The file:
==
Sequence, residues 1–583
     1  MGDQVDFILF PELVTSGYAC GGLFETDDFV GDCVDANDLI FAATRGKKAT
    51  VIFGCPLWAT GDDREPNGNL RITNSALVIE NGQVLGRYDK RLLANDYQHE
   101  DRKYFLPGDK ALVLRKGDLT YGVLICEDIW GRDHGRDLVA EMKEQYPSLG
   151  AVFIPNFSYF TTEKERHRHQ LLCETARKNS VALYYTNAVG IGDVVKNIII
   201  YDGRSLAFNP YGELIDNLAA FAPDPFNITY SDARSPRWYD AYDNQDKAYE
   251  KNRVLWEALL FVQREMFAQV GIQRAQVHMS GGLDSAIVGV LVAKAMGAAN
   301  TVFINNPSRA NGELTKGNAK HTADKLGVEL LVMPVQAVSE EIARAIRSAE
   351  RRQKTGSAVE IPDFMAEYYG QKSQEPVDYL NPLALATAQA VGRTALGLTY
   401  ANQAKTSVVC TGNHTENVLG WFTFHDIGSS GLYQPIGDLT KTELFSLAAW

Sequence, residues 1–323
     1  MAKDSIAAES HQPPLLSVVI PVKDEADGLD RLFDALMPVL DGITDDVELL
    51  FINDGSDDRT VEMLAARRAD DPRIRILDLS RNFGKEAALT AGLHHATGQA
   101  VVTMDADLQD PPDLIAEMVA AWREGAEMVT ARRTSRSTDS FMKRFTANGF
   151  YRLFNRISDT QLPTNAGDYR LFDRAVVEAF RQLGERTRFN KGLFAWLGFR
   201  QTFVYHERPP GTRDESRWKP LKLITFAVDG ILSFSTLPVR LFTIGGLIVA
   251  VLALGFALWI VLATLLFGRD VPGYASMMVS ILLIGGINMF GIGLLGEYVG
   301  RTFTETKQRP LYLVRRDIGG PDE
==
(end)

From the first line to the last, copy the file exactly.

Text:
Sequence, residues 1–583
     1  MGDQVDFILF PELVTSGYAC GGLFETDDFV GDCVDANDLI FAATRGKKAT
    51  VIFGCPLWAT GDDREPNGNL RITNSALVIE NGQVLGRYDK RLLANDYQHE
   101  DRKYFLPGDK ALVLRKGDLT YGVLICEDIW GRDHGRDLVA EMKEQYPSLG
   151  AVFIPNFSYF TTEKERHRHQ LLCETARKNS VALYYTNAVG IGDVVKNIII
   201  YDGRSLAFNP YGELIDNLAA FAPDPFNITY SDARSPRWYD AYDNQDKAYE
   251  KNRVLWEALL FVQREMFAQV GIQRAQVHMS GGLDSAIVGV LVAKAMGAAN
   301  TVFINNPSRA NGELTKGNAK HTADKLGVEL LVMPVQAVSE EIARAIRSAE
   351  RRQKTGSAVE IPDFMAEYYG QKSQEPVDYL NPLALATAQA VGRTALGLTY
   401  ANQAKTSVVC TGNHTENVLG WFTFHDIGSS GLYQPIGDLT KTELFSLAAW

Sequence, residues 1–323
     1  MAKDSIAAES HQPPLLSVVI PVKDEADGLD RLFDALMPVL DGITDDVELL
    51  FINDGSDDRT VEMLAARRAD DPRIRILDLS RNFGKEAALT AGLHHATGQA
   101  VVTMDADLQD PPDLIAEMVA AWREGAEMVT ARRTSRSTDS FMKRFTANGF
   151  YRLFNRISDT QLPTNAGDYR LFDRAVVEAF RQLGERTRFN KGLFAWLGFR
   201  QTFVYHERPP GTRDESRWKP LKLITFAVDG ILSFSTLPVR LFTIGGLIVA
   251  VLALGFALWI VLATLLFGRD VPGYASMMVS ILLIGGINMF GIGLLGEYVG
   301  RTFTETKQRP LYLVRRDIGG PDE